New Rules for Coal Ash Ponds

State finally gets around to requiring Duke Energy to monitor the groundwater around coal ash ponds
Chris Edwards
Water discharges from the Allen Steam Station coal ash pond directly into Lake Wylie.

Shortly after our article about David Merryman, the Catawba Riverkeeper, and his quest to protect the river we all rely on for survival hit the stands, the state’s Department of Environment and Natural Resources’ Division of Water Quality attached a new requirement to Duke Energy’s discharge permits for the company’s three coal plants along the Catawba River.

In order for the energy company to comply with its new discharge permits, or licenses to pollute, it will have to install new groundwater sampling wells and submit the data they collect from those wells to the state on a regular basis.

As you’ll recall from the article, Riverbend is a Duke Energy coal plant on the edge of Mountain Island Lake—a.k.a. our drinking water. Not only does that plant drain water from its two high-hazard coal ash ponds into the lake at the rate of millions of gallons per day, environmentalists are also concerned about the company’s own reports that the groundwater beneath the ponds is contaminated.

Neither of the ponds are lined and both were built before any type of environmental regulation was in place. What’s worse, says Merryman, it appears the state hasn’t paid much attention to the ponds—one built in 1957 and the other in 1986.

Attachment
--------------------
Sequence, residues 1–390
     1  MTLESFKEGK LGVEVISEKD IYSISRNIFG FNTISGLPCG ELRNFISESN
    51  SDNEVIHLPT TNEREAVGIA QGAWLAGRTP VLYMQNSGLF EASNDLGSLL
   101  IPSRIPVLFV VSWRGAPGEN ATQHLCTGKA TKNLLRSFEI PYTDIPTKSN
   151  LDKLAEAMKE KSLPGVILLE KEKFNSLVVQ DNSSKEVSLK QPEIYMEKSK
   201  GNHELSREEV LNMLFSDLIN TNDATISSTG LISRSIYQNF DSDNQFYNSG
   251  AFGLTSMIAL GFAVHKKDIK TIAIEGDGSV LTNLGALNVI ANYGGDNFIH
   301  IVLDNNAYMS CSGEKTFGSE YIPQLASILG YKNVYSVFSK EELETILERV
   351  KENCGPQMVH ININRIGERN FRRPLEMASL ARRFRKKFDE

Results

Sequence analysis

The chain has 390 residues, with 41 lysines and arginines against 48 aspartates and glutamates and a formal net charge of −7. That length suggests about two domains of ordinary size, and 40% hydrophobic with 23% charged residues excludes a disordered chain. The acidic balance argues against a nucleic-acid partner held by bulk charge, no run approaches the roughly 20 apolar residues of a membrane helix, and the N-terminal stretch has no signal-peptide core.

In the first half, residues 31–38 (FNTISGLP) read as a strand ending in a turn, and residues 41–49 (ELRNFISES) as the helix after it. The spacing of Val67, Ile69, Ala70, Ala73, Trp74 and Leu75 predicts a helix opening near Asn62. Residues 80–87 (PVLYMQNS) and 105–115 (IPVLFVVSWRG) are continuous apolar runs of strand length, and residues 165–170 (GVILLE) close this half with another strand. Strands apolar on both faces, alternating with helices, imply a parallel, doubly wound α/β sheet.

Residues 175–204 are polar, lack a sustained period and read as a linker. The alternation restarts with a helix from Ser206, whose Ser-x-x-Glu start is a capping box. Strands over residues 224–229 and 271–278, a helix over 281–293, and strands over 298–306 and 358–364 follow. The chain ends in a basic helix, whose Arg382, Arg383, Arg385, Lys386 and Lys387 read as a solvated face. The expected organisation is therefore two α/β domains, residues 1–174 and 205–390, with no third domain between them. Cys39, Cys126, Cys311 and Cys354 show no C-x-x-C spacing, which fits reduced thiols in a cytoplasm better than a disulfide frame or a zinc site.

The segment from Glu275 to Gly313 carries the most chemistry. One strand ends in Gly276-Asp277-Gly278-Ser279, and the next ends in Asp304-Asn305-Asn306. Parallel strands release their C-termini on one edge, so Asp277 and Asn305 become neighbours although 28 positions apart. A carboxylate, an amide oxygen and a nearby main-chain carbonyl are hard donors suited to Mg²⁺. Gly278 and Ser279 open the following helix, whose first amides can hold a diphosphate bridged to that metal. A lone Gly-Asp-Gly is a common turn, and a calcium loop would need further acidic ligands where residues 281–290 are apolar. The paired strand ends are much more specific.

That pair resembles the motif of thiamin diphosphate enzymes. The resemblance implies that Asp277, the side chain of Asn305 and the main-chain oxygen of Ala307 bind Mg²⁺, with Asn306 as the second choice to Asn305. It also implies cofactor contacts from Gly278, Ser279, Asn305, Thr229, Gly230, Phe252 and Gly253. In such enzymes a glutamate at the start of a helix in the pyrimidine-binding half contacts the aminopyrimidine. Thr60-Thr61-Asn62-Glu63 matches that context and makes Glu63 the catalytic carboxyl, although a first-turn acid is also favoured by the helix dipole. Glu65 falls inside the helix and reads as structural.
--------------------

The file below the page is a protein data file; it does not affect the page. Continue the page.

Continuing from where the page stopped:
So, for him, the fact that the state is attaching the groundwater monitoring requirement to the plant’s permit isn’t much of a victory. "It’s something they should have been doing—something they overlooked—for years," he says. "The ponds should have been on their radar screen all along, but they weren’t."

The state was waiting on guidance from the U.S. Environmental Protection Agency, according to a representative for the state, and that guidance hasn’t come. Lisa Jackson, the agency’s administrator, promised to make an announcement about new coal ash regulations by the end of 2009, but she didn’t. Industry lobbyists, of course, are campaigning against any regulation, a fact that’s snagged the new regulations in Washington’s endless supply of red tape.

Duke Energy has only collected sample data from the groundwater beneath the two ponds for a little over a year and, until now, doing so was considered voluntary according to an agreement the coal industry and the waste management industry made with the E.P.A. in 2000.
When asked why it took eight years to install the first round of groundwater wells at Riverbend, Andy Thompson, a Duke Energy representative, says it was because the company was busy installing wells at all of their plants during that time.

Merryman, the Riverkeeper, says he expects these wells to be installed within the year. However, he’s frustrated the state didn’t impose a deadline on the installation. Nor did they mention how often the company will be required to submit groundwater sample data. That’s one reason why he’s looking forward to reviewing a draft of the new discharge permits.

Riverbend’s current discharge permit expires on February 28. Before the new permit will go into effect, a draft of the permit will be made available to the public. At that time, the public can voice their concerns about the permits, which are only renewed every five years. The state will make an announcement in The Charlotte Observer when the draft becomes available, signaling the beginning of the public comment period—which is expected to last for thirty days. If the new permit isn’t in place by March 1, the company will likely be granted an extension of their current permit.

The company may very well need that extension since Merryman says his organization plans to request a public hearing on the permits. No telling how long that will take.

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